The trial of Meechaiel Criner, the man indicted on capital murder charges in connection with the death of dance freshman Haruka Weiser, will begin on July 9.
Last month, presiding Judge David Wahlberg dismissed the majority of the DNA evidence in the case because of what he ruled were flawed analysis techniques used by a Texas Department of Public Safety forensic scientist. Prosecutors had planned to use this DNA to connect Criner to Weiser’s death.
Although the lead prosecutor told the Austin American-Statesman in June they are still confident they will be able to convict Criner at trial, two defense attorneys say the ruling has weakened the prosecution’s case. Russ Hunt Jr., an Austin criminal defense attorney, said this ruling could cause a jury to question the strength of the state’s case.
“A lot of people expect (to see DNA evidence during a trial), so if they don’t see it, they're very skeptical of other types of testimony, like live witnesses (and) circumstantial evidence,” Hunt said.
Without the majority of the DNA evidence, the prosecution will have to rely on circumstantial evidence instead, including surveillance video of the suspect, evidence found in Criner’s possession and witness testimony, said Suzanne Marie Spencer, an Austin criminal defense attorney.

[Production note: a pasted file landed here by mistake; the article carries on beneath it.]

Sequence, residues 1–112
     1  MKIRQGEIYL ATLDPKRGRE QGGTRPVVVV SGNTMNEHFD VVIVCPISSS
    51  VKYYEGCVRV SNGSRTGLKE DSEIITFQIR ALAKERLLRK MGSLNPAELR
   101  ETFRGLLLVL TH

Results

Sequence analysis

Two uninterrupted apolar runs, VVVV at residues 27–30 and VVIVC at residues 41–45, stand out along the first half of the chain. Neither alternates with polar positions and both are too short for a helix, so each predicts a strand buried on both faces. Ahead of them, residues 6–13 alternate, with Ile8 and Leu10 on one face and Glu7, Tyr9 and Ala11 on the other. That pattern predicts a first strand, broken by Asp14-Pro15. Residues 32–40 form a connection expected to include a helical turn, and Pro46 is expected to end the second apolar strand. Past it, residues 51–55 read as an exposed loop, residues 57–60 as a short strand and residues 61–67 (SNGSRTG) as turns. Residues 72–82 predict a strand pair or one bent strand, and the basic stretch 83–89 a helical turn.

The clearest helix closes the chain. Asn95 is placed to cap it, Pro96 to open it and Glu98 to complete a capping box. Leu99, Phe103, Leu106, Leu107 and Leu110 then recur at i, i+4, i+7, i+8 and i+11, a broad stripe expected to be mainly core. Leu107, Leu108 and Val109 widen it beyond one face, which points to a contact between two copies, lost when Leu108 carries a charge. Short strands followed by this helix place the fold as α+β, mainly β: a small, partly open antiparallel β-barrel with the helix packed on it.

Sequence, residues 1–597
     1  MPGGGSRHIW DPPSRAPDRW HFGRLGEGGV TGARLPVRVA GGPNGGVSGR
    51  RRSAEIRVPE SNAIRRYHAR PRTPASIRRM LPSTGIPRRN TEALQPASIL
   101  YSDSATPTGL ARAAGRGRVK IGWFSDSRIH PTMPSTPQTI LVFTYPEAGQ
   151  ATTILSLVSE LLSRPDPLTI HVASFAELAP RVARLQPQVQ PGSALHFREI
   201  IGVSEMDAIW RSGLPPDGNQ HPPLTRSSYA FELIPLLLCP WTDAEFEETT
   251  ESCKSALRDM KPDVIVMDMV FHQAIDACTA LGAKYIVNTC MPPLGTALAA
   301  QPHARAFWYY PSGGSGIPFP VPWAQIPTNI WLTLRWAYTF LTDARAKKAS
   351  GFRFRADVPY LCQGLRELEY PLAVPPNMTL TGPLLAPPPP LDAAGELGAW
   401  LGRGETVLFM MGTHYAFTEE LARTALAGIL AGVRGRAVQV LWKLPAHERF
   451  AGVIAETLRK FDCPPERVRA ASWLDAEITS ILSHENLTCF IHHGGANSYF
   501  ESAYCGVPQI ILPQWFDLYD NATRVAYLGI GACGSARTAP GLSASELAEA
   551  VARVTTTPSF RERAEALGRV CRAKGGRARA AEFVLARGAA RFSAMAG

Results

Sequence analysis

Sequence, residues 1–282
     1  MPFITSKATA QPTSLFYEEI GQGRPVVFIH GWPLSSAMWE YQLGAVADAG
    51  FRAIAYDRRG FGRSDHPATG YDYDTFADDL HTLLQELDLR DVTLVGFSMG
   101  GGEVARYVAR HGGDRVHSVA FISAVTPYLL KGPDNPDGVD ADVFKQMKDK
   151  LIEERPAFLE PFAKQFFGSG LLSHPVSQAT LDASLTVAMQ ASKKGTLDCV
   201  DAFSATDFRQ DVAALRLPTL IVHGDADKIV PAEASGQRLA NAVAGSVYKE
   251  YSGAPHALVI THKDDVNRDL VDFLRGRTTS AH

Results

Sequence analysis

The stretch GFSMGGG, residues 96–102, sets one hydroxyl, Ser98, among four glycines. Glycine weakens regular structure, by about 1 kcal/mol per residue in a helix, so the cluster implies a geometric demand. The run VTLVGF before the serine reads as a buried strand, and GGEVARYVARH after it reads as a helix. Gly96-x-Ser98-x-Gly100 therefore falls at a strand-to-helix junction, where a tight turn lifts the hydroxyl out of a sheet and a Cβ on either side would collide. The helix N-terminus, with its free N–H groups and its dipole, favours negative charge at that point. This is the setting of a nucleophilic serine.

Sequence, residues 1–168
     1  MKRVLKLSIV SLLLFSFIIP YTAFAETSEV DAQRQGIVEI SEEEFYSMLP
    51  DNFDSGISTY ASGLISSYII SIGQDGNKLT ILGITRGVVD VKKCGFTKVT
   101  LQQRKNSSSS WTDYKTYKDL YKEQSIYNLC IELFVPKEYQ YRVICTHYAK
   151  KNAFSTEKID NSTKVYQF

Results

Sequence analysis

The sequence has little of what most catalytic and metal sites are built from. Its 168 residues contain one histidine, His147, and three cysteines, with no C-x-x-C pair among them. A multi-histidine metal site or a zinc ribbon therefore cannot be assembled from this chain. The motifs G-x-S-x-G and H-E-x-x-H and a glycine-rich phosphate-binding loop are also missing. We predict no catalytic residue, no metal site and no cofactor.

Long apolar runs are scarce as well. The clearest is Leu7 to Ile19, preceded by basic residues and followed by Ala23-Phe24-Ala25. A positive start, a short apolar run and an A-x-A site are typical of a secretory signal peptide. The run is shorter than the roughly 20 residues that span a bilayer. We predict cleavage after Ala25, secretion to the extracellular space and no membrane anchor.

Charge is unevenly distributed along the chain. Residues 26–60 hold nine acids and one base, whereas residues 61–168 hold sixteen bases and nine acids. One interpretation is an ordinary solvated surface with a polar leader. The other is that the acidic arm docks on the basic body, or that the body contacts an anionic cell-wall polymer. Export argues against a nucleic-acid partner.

“When the state, for whatever reason, doesn’t have DNA evidence, it will rely on the same type of evidence it has relied on for all the centuries before DNA evidence, (including) testimony,” Marie Spencer said in an email.
Weiser was reported missing in on April 4, 2016, after she did not return home from dance practice. Her body was found a day later behind the on-campus Etter-Harbin Alumni Center. Austin Police later arrested Criner as the suspect in the murder after finding him at an abandoned building burning items similar to those in Weiser’s possession, according to the arrest affidavit.
Criner was indicted by a Travis County grand jury in June 2016. The indictment accuses Criner of killing Weiser by strangulation with a ligature, as well as of other charges, including sexual assault, kidnapping and robbery.
Both Hunt and Spencer said the jury could also potentially hand down a verdict on other charges in the indictment, based on any additional evidence presented during the trial.
“There is a possibility that the jury could consider lesser offenses such as robbery, kidnapping or assault,” Spencer said in an email. “If the jury is given these options, they could find him guilty of one of those offenses rather than murder or capital murder.”
The United States Supreme Court ruled that the death penalty for minors was unconstitutional in 2005. Because Criner was 17 at the time of the arrest, he would face a maximum penalty of life in prison with the possibility of parole in 40 years if convicted of capital murder.
During a pre-trial hearing on July 2, the presiding judge said the trial will be finished by July 20. During the first two days of the trial, attorneys will select a 12-person jury and then will begin presenting their arguments.